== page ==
World Cup 2010, United States Vs. Algeria Preview: Where Resiliency Defies Match-Ups

Algeria has yet to score a goal in the World Cup, but set to play six men in midfield, they are capable of choking their match against the United States and relying on their stars - players like Karim Ziani - to break down an inconsistent United States defense. With one point through two rounds, Algeria needs a win on Wednesday, preferably by more than one goal, as any scenario by which they advance has them winning a tiebreaker to claim second place.

The U.S. can afford to have greater aspirations. A win and they are through to the knockout stage, but with some help from the England-Slovenia match, the United States could win a group for the first time in their World Cup history. To do so, they’ll need start to solve their problems in defense and devise a way through Algeria’s congested midfield, but as the U.S. has shown in the first two matches of this tournament, their ability to adapt should not be underestimated.

United States, Going Forward: If not striking on the counter attack, the United States is using quick, direct movements to generate goals.  None of their three scores in this tournament have come through beautiful build-up play. The U.S. strikes quickly and, thus far this tournament, effectively.

Between talent and formation, Algeria is well-situated to deal with the United States’ attack. The Desert Foxes will play a three man defense with a line of four in front (3-4-2-1 or 5-4-1, depending on how you want to look at it). This gives Algeria three central defenders to deal with Jozy Altidore while having a back on each wing to maintain presences against Landon Donovan and Clint Dempsey. Particularly against Donovan, Algeria is strong, with Nadir Belhadj at left wingback.

The worrisome thing about the United States from Algeria‘s point of view is their resourcefulness. All three of their World Cup goals came in drastically different ways, and while looking at the United States on video (and paper) gives a general impression that they can be contained, the U.S.’s resiliency show they could score goals on anybody. Perhaps this is a function of their opponents underestimating them, but given U.S. performances in the last year against Brazil, Spain and England, Algerians underestimating them could end their World Cup.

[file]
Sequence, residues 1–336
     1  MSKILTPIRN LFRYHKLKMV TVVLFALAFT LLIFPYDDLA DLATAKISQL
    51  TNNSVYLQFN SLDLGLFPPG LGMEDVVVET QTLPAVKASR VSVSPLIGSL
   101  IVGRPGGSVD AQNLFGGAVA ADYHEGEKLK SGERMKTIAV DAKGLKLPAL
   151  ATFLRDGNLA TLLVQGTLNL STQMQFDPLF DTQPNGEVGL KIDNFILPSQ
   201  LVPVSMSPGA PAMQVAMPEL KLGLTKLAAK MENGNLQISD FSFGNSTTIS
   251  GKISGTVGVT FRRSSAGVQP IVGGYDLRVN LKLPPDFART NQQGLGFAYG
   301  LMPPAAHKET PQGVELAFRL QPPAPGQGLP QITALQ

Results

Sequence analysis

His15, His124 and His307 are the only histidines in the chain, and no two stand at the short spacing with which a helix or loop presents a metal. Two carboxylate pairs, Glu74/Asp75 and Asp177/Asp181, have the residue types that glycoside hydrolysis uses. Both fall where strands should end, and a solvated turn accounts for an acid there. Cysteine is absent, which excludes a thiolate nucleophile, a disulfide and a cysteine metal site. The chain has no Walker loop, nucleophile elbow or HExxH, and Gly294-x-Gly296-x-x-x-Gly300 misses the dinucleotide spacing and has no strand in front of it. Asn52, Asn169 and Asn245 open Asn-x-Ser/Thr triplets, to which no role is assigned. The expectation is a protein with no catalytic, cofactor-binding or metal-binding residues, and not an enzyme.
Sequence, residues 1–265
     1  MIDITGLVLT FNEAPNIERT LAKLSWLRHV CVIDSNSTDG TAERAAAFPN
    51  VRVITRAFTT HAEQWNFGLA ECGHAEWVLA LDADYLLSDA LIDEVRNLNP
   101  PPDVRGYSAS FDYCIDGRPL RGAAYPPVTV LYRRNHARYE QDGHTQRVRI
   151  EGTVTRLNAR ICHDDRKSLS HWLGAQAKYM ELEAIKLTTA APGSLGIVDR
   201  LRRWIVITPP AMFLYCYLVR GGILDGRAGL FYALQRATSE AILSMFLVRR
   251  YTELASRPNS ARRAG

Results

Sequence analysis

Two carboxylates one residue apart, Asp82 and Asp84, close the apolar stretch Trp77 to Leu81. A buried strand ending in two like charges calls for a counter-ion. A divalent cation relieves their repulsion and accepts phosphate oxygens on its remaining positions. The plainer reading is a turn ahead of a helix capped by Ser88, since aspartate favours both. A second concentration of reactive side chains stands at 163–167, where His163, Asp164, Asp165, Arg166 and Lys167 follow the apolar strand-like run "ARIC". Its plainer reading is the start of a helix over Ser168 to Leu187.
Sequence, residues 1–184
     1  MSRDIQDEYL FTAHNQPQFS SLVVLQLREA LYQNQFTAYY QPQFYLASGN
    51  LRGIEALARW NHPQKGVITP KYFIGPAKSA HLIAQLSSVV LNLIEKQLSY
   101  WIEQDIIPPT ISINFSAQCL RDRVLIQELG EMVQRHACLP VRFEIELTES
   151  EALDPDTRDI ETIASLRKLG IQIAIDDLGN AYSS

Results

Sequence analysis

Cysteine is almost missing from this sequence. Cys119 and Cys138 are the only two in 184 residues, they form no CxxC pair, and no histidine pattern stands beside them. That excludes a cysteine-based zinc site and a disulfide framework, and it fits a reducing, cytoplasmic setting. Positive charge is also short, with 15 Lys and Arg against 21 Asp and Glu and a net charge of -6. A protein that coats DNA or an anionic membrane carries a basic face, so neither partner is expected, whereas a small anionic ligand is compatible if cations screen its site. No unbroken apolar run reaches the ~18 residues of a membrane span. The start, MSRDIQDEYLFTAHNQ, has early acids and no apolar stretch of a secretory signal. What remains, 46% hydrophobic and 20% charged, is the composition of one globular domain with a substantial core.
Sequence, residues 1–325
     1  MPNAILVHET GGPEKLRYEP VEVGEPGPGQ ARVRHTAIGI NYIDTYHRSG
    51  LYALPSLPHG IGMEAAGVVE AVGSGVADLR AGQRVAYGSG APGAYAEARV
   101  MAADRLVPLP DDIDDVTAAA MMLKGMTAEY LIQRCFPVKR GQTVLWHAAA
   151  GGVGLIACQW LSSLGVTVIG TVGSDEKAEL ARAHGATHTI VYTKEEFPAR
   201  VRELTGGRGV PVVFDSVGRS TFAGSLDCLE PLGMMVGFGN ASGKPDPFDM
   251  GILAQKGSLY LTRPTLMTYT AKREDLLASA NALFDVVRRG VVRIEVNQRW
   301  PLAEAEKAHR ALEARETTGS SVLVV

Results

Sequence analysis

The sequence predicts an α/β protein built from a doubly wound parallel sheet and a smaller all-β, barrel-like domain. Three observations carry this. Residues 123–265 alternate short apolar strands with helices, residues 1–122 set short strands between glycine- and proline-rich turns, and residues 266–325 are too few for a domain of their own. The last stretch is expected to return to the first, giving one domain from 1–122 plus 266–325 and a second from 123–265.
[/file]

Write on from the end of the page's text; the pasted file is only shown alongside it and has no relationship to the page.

Algeria, Going Forward: The flip side to Algeria electing to clog the midfield is the lack of presence in the attacking third. With Karim Ziani in the middle and Belhadj’s runs down the left flank, Algeria has no problems getting into attack.

Once there, they’ve been hopeless. Rabah Sadaane has nobody who he can count on for goals. Unless the Desert Foxes get unexpectedly good performances from Karim Matmour and Abdelkader Ghezzal, there is a chance they could go the whole tournament without a goal.

If there’s hope for Algeria it’s in the fact that their 180 scoreless minutes have come against Slovenia and England. Each of those teams seem to defend better than the United States, who have had trouble preventing goals going back to qualifying. These troubles will be amplified against Algeria, who have the quickness and technical ability to go directly at the U.S.’s weakest point: central defense. We could see Ziani and Matmour combining for opportunities much like the one scored upon by Steven Gerrard.

How The Match Turns: In a contest of evenly-match teams, the United States’ ability to elevate their game when needed becomes a tiebreaker of sorts. If the U.S. can find another gear in the second half against Algeria, this match could turn into a very open affair, as Algeria pushes back at the U.S. while searching for a win.

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